Finding your voice on Time to Talk Day

On Time to Talk Day 2024, our Digital Communications Officer, Jo, opens up about discovering her own narrative. In an honest account, she reflects on supporting others with their mental health while avoiding the instinctive “Yeah, not too bad” response when asked about her own. Read on below as she advocates for genuine conversations, highlighting their power as essential bridges to better days.

As I sit at my desk, I try to think who I can contact, what content needs to be shared, or who might be willing to contribute a blog at short notice and share their story on this Time to Talk Day. Trying not to doubt myself, I realise, “Wait, what about me?” An integral part of my roles for the past decade has been encouraging others to be interviewed on camera, share their experiences, and eagerly sign the dotted line to feature on social media. I have been and always will be the champion of other’s narratives and an advocate for authentic storytelling. But now maybe this is a chance for the lens to turn inward.

What if I give it a shot to embrace my own voice? A fitting narrative for Time to Talk Day perhaps, but let’s not overindulge the moment too much! After all, I joined the Stepladder team in Second Step equipped to help men in Somerset with their mental health in the only way I knew how – communication and social media – with hopes of sharing important stories, highlighting support out there and information to help others open up and find their people within their community.

Let’s not leave the world behind

Now, I’m not one to preach too much about opening up, I don’t want a ‘pot calling the kettle black’ situation. I am one for burying it deep down. I’ll reply, “I’m all good, just a tough couple of days” when family try to reach me, and know I’ll often retreat if probed anymore past that.

Side note – anyone see ‘Leave the World Behind’ on Netflix? Yeah, that ending really spoke to me, or at least my interpretation of it. I knew right away that would probably be me, ignoring what was really going on in the world, switching my emotions off and distracting myself by putting Friends on.

Although I’m starting to understand what I should be doing to help tackle and improve my mental health, I realise I just don’t always know how to do it. Opening up and talking shouldn’t feel scary or like you can’t. Because we can. It might initially feel overwhelming, especially the process of where “do I begin” or the dread of over sharing and then worrying about it all the way home, but it might help get to the bottom of what am I actually struggling with.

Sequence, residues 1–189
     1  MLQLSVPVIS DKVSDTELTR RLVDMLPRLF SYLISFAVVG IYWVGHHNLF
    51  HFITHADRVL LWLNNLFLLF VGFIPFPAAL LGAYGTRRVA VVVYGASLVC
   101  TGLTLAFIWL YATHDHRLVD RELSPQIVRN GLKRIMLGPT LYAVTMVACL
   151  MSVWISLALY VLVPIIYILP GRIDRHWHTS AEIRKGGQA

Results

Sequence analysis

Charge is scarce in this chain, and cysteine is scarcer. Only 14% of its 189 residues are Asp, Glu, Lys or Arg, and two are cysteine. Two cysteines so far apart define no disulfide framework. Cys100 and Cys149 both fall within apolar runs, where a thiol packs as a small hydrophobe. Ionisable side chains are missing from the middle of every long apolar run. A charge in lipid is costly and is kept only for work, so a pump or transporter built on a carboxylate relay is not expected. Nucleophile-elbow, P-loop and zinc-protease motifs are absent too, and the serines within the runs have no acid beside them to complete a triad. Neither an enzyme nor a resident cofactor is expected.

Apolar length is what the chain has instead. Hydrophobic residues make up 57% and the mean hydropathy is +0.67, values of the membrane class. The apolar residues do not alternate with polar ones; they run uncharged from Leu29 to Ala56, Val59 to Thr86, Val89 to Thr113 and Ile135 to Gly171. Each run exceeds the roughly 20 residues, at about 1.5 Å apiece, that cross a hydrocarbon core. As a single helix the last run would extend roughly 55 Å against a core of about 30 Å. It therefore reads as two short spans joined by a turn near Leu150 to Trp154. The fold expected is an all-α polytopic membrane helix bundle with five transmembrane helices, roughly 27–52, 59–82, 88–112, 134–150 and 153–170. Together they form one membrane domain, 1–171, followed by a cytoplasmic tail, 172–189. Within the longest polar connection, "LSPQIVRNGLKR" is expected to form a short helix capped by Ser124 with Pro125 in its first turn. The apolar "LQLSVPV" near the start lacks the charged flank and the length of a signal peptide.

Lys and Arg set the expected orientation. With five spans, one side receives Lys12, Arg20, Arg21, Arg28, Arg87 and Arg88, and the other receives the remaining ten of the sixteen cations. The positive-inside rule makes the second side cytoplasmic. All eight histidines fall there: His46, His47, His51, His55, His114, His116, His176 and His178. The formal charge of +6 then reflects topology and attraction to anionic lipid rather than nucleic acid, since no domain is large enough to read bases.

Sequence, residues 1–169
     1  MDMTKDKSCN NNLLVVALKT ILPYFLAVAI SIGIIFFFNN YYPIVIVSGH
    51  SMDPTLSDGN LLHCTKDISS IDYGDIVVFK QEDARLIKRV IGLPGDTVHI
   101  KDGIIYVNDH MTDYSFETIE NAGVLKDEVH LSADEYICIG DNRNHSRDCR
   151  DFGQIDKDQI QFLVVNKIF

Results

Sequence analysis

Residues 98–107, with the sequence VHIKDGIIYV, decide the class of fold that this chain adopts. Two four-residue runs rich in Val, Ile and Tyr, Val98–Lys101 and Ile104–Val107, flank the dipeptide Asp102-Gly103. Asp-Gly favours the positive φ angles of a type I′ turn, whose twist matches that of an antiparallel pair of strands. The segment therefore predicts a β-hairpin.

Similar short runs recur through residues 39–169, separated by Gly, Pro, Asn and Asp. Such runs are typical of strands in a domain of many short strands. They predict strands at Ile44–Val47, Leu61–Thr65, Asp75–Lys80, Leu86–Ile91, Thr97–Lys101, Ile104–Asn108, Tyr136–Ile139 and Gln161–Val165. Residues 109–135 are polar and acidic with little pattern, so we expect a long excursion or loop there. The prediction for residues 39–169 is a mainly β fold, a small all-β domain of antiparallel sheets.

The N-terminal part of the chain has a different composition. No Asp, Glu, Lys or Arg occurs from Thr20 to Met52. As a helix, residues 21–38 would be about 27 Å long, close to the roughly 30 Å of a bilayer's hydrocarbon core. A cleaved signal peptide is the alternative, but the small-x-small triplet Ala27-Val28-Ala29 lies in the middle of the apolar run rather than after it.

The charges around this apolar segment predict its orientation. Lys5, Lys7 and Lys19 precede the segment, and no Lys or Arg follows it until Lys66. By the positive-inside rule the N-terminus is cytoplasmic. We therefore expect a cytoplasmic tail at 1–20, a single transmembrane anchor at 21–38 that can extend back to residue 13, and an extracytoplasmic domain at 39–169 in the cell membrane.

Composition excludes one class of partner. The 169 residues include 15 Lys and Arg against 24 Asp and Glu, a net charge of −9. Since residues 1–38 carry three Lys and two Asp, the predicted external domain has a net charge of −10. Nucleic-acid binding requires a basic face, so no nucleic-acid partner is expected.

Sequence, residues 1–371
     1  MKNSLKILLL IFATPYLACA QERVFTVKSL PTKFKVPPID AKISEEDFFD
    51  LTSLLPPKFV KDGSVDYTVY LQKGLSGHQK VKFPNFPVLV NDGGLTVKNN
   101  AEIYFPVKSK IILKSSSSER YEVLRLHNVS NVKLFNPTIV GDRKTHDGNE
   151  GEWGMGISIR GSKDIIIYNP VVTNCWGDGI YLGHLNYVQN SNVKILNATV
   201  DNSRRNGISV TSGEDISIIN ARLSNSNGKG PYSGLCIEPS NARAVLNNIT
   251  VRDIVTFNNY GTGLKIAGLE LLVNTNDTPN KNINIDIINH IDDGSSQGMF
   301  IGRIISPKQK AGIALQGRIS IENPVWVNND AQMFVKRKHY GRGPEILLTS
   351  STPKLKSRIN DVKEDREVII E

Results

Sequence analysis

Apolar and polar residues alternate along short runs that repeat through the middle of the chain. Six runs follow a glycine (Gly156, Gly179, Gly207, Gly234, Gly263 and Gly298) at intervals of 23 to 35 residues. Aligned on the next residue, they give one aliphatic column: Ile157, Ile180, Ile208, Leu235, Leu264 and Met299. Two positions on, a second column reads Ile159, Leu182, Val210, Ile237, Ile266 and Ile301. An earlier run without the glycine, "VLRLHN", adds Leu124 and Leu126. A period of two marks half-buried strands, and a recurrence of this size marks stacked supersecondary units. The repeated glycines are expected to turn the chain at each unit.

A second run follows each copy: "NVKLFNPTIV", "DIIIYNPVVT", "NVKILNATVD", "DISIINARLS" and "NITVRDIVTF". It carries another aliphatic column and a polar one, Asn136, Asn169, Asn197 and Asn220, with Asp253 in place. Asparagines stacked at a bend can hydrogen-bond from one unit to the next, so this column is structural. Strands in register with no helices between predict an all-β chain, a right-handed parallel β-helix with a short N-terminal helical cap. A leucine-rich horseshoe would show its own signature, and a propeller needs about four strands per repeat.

What’s helping me lately is trying to pinpoint when I began to find everything just so bl***y difficult and try to rebuild from there – how I was once described as a chilled-out person I’ll never know! I definitely started to lose my way when I turned 30, I took “it’s my party and I’ll cry if I want to”, to a whole new level. I’m not exactly sure why. It didn’t help that we’d spent a couple years in and out of lockdowns and Covid spread wildly across the news, derailing even the best of us. Amongst other things going on at the time, everything suddenly crumbled.

Feeling a pressure to put a label on it

The thought of feeling like you must unpack everything. Open boxes that have been closed off, and not being able to open social media without feeling pressure to put a label on what you’re feeling, all acts as a barrier to me.

We should just be able to have an open conversation and say, “actually today isn’t a great day” and for that to be recognised out there and not left rattling around in your head. It can be a relief just to share that and the other person get it, and it’s met with “do you want to talk about it?” I’m guilty of hiding behind “Yeah not too bad, you?” when sometimes a simple honest conversation can be that much needed bridge that connects us and sets up for a better day. You also never know how the other person is really feeling, that one open conversation from me could spark it back in someone else.

The Stepladder project has provided funding for numerous initiatives in Somerset through its Winston Innovation Fund, facilitating the establishment and launch of activities and groups aimed at supporting men’s wellbeing and fostering connections with like-minded individuals.

Visit our interactive map full of groups and activities across Somerset to get those conversations going with the right people!

Share this page